Surin approaches the concept of the common via an irreducible tension between agency and solidarity. He maintains that they are in a sort of chick-or-egg relationship to each other, and that we cannot conceive of either as anterior to the other: each is produced only in tandem with the other. Taking up a Spinozan ontology by way of Deleuze, he considers ideas or theories as operating on expressivities, or things considered as loci of effects. Surin’s move here is to break down the distinction between theory and practice, interior and exterior, thought and reality. Thought and materiality arise together; one is not reducible to the other; thus according to Surin a theory is a “practice of concepts.” There is no substantive difference between theory and practice; each is produced with the other. His question vis-a-vis the common, then is how structure and agency act conjointly to produce social solidarity. He lists four 20th century theories that attempt to explain this: Foucault’s “practice of subjectivation,” Raymond Williams’ “structure of feeling,” Althusser’s “aleatory materialism” and Deleuze and Guattari’s “desiring production.” The bulk of his essay, however, focuses on Williams and Deleuze and Guattari.
Williams argued that “the conventions of any period are fundamentally related to the structure of feeling in that period.” This affective structure is embedded in material practice, as in the case of Williams’ dying father, who was helped in multiple small ways by an ad hoc network of fellow working class members (one individual would do the wash, another would leave a sack of potatoes at the door, etc.). For Williams, this set of values is not taught through culture; it is arises and is maintained through labor itself. “Culture, therefore,” sums up Surin, “is a ‘whole way of life,’ which is constantly being remade and reappropriated by its citizens, who are at once the agents of change and the recipients of change.” Culture is more than the superstructure of an economic base, and is not just replicated in transmission, but expressed in practice, and is thus subject to constant revision and innovation. It is actively constructed.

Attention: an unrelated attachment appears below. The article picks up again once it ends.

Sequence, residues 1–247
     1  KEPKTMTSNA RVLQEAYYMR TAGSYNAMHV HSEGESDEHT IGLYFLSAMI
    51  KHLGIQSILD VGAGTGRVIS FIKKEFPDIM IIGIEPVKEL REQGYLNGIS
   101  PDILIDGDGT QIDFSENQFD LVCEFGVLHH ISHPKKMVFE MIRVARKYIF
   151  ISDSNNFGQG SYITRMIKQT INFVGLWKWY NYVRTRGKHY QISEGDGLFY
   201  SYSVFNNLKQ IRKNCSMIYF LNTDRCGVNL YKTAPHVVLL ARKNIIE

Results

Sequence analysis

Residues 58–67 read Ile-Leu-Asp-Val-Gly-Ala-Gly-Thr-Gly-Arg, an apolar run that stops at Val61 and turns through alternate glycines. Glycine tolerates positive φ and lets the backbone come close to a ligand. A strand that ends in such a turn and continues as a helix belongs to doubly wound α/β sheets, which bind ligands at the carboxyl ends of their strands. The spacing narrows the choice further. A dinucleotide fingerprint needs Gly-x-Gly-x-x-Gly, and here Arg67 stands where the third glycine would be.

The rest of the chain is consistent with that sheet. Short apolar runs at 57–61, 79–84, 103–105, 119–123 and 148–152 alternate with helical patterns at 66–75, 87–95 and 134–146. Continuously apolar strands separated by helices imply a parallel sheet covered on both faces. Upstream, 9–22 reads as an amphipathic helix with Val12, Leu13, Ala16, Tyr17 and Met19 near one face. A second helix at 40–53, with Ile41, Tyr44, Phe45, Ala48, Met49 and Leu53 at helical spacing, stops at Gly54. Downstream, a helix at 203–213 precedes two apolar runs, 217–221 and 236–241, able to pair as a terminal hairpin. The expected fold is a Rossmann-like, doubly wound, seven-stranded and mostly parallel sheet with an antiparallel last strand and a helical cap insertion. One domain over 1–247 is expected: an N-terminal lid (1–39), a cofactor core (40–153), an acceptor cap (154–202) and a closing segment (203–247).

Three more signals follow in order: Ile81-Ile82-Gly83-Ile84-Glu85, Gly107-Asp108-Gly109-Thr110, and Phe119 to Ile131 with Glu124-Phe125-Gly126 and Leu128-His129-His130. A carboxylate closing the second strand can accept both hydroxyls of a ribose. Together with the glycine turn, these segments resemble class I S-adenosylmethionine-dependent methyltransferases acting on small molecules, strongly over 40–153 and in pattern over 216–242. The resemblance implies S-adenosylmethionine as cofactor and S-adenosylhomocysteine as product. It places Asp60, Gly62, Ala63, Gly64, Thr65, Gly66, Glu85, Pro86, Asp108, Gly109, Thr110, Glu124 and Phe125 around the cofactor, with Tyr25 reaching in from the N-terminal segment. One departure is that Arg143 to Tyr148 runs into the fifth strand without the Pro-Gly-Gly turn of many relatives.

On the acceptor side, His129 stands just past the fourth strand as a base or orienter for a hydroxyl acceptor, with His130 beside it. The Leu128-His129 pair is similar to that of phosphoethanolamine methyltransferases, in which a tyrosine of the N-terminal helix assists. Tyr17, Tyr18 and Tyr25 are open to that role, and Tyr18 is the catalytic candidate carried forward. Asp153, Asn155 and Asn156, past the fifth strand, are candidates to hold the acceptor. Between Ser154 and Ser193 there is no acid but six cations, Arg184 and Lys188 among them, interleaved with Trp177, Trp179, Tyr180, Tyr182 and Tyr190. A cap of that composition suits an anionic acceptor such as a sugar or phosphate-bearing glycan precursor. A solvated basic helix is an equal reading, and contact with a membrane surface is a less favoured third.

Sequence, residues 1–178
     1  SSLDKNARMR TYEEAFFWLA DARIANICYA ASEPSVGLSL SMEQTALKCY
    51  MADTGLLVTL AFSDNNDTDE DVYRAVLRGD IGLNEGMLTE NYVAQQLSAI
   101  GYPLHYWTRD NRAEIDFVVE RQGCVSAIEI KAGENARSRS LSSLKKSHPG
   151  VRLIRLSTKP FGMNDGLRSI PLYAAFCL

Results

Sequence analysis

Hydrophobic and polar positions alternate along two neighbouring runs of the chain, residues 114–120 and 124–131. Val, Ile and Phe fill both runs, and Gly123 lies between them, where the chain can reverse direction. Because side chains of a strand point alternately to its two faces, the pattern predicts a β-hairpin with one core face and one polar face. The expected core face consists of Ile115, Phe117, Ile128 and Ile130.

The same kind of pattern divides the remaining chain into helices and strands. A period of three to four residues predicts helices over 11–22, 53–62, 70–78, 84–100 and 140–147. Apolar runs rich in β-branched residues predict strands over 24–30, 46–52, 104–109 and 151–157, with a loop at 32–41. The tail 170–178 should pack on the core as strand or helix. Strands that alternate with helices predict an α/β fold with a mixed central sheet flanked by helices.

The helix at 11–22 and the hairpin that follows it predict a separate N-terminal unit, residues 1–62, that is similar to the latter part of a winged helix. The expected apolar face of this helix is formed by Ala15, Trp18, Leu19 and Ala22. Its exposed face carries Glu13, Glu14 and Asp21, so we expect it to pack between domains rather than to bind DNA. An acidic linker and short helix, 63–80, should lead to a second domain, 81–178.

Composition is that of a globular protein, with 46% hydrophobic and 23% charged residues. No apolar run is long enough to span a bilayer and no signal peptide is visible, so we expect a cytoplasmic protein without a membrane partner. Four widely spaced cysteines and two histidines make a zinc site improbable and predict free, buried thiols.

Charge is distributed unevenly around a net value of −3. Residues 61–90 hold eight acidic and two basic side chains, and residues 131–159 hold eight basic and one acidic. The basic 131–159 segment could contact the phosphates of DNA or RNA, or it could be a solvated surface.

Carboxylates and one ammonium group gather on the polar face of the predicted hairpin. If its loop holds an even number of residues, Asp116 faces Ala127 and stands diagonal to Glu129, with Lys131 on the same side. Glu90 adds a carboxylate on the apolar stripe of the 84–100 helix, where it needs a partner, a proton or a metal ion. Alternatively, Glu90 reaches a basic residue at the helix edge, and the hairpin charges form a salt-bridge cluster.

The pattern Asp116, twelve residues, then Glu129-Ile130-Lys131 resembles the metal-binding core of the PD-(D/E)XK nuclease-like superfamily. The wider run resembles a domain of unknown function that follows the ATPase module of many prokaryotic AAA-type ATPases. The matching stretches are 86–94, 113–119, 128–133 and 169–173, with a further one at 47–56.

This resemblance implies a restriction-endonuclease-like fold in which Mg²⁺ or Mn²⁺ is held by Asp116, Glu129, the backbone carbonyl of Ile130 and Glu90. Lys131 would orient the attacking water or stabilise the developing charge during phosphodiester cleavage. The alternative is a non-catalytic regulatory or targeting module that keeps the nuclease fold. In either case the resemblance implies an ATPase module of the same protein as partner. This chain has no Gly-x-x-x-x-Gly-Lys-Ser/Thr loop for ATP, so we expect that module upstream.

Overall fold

Surin then turns to Deleuze’s notion of the “anomalous,” a liminal domain between the “substantial forms” and “determined subjects.” The anomalous has its own form of individuation, radically different from the well-formed subjects that receive this expression. The model of the individual that emerges is “a potentially infinite multiplicity, the product of “a phantasmagoric movement between an inside and an outside.” (455) On this account, production is always repetition of difference; each multiplicity is composed of absolute singularity, and thus can only affirm its difference from every other thing. Capitalism works on a similar principle: it is predicated on repetition of identity, equivalence, and intersubstitutibility. At the heart of capitalist production, then, is the process of individuation itself, but also a “countervailing constituent power that brings forth the agents and forces needed to resist it.” This countervailing power is irreducibly anomalous, “ a dynamism based on an excess or exteriority, and whose ensuing productivity is defined by neither a foundation or a pregiven order.” Surin suggests that this power is what enables the construction of the common. Both Williams and D&G, then, offers alternative ways of conceptualizing solidarity that are local, unassimilable by capital, and disruptive in its newness.